UK Gemini telescope bid rejected

Many others have been doing their best to disseminate information on the UK Physics funding crisis (especially Sheffield Prof Paul Crowther) but it’s probably worth pointing out the latest repercussion (which has already been picked up by the BBC): despite a bid to remain involved at a reduced level, it looks like the UK will be forced to completely withdraw from the Gemini telescope consortium. This is particularly dangerous for astronomers here, as Gemini-North was the only large telescope (about 8 meters in diameter) in the Northern Hemisphere to which the UK had access. Now, half the sky will be inaccessible, at least at the highest sensitivities and with the most advanced instruments. (Realistically, this will likely force us to collaborate with European, Asian and American colleagues, and probably to give up leadership roles in these projects.)

Meanwhile, committees are meeting, the government is holding hearings, and we scientists are being quietly advised that, essentially, you attract more flies with honey than vinegar, so we’d better not start pondering the thought that, perish forbid, anyone had actually made a mistake getting to this increasingly difficult position. Let’s hope that whatever is going on behind the scenes is better than what we’re seeing out front.

3 responses to “UK Gemini telescope bid rejected”

  1. AGeek avatar

    Britons forced to collaborate with Europeans? You mean strange creatures from another continent and all? Oh no, that’s just horrible!

  2. Kav avatar

    “Let’s hope that whatever is going on behind the scenes is better than what we’re seeing out front.”
    I would not bet on it. When STP lost out in the 1st programmatic review we adopted a ‘behind the scenes’, back channels strategy. You can see how that panned out for us.
    “Britons forced to collaborate with Europeans?”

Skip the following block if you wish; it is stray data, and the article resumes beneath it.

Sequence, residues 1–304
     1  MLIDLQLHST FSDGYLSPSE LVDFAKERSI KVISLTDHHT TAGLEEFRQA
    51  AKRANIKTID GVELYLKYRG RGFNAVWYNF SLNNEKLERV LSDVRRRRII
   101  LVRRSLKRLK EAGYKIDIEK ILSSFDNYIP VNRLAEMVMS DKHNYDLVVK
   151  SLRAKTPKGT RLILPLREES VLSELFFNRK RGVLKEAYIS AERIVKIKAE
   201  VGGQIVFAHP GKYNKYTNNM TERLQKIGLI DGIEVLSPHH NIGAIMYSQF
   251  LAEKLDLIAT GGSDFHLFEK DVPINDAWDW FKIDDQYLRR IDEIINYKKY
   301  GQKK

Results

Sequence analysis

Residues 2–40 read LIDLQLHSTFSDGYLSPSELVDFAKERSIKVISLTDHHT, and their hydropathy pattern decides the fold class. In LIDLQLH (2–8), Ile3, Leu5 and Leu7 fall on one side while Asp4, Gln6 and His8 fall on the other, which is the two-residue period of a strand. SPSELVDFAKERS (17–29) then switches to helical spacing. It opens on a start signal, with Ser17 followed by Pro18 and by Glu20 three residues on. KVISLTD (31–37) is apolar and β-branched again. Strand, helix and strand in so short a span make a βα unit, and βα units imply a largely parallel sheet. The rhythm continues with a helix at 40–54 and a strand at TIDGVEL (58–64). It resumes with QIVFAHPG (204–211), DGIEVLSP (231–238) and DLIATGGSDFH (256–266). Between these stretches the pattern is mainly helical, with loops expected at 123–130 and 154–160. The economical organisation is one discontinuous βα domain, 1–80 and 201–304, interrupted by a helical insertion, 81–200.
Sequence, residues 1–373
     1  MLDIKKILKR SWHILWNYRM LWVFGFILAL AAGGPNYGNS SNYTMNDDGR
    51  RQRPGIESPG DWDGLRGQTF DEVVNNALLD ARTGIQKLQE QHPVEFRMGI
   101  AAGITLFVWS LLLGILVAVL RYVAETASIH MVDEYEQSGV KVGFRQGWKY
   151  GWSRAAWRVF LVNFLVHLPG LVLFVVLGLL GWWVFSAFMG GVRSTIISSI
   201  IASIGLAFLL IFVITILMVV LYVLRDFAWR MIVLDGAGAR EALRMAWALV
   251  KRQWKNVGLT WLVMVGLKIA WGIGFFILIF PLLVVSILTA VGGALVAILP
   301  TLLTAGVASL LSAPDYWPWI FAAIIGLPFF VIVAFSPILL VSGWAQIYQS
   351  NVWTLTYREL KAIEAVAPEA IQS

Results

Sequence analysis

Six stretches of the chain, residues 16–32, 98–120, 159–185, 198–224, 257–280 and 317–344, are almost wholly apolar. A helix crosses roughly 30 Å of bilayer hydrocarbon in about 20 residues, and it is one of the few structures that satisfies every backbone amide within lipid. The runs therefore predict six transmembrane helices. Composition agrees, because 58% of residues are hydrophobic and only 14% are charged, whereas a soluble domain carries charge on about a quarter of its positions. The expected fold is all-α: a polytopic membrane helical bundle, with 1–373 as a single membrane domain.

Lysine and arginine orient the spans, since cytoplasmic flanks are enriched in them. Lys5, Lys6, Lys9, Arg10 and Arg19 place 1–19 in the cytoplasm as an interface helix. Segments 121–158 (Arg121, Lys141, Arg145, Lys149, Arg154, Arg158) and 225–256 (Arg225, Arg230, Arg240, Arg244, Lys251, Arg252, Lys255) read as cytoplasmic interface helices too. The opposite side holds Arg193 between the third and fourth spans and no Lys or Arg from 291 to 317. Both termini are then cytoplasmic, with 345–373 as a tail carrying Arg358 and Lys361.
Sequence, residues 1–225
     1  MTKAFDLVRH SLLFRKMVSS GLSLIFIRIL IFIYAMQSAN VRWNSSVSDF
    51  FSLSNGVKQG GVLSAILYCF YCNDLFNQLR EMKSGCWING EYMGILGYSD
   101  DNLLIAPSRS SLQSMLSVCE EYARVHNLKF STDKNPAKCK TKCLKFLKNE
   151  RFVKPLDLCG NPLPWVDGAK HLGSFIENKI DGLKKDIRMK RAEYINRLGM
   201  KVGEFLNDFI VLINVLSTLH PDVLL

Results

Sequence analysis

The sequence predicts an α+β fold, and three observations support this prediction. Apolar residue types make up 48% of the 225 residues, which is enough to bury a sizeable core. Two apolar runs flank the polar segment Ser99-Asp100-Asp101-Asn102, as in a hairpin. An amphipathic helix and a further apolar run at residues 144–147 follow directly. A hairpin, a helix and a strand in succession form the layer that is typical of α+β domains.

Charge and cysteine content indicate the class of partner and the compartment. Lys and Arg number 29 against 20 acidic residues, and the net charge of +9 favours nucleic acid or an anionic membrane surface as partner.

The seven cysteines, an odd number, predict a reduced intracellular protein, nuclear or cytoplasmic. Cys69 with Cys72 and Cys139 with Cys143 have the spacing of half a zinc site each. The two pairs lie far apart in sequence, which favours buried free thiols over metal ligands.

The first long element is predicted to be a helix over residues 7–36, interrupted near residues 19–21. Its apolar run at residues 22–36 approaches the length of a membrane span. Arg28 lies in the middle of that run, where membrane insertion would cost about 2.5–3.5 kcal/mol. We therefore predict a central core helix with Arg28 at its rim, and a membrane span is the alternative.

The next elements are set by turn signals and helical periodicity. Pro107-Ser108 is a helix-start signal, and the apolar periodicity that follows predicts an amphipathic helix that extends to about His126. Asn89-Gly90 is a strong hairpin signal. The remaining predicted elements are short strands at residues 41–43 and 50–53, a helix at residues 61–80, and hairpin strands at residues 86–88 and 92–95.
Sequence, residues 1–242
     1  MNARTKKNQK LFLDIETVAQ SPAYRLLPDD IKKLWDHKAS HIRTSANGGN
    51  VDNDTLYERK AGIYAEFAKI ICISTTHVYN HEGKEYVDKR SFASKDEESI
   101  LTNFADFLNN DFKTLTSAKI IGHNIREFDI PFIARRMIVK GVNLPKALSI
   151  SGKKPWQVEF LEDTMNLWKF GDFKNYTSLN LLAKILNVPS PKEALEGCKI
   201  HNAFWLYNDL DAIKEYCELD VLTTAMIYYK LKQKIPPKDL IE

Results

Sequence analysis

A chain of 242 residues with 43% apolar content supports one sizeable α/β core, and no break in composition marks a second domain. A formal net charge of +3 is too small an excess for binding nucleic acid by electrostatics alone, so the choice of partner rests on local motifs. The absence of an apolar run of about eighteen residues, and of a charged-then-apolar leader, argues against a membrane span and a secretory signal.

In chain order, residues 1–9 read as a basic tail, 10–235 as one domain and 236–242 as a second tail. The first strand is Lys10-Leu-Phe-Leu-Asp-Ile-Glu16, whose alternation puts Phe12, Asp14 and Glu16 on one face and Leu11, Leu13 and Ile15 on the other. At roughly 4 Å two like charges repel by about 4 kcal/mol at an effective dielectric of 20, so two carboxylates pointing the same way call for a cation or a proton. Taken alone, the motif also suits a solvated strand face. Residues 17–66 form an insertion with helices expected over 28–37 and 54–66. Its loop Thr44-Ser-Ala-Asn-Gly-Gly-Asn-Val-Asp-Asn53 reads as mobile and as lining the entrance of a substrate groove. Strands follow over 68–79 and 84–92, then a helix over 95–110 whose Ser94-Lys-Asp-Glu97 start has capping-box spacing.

UK astronomers were told at the last NAM meeting that one of the prime keys for successful funding was UK leadership of a project. No-leadership, no-funding was the implication. I doubt they will look too favourably on proposals that have the UK as junior partners in a study in this time of severe belt tightening.

  3. Dave avatar

    The UK has a long tradition of collaborating with Europeans, the biggest example of which on the ground is our involvement in ESO. However the key part of that organization is the S – Southern. Most of Europe’s high quality observing sites are in the southern hemisphere. Pulling out of Gemini and the ING will leave us with no optical access to the northern skies. This is critical to following up survey programmes with our northern submm and IR telescopes, JCMT and UKIRT. The one good route for collaboration in the north in Europe is Spain, through their Canaries observatories, but we’re effectively dumping the ING on them so they’re not likely to be best pleased with us. There will doubtless be individual collaborations but these will be done on a piecemeal basis with Spanish leadership of the optical programmes. The other alternative is similar piecemeal collaborations with US institutes who have plenty of northern observatories and now even more Gemini time. Again, there will have to be a US lead on such projects.
    Any way you cut it the UK will get less bang for it’s buck as well as spending fewer bucks. Specifically the huge lead that projects like UKIDSS and SCUBA2, using northern telescopes, give us in the IR and submm will be seriously dented as we lose the ability to capitalize on these projects with optical followup.
    It’s no good finding a candidate redshift 6 quasar with UKIDSS if you then have to hand the data to someone else to get the confirming redshift.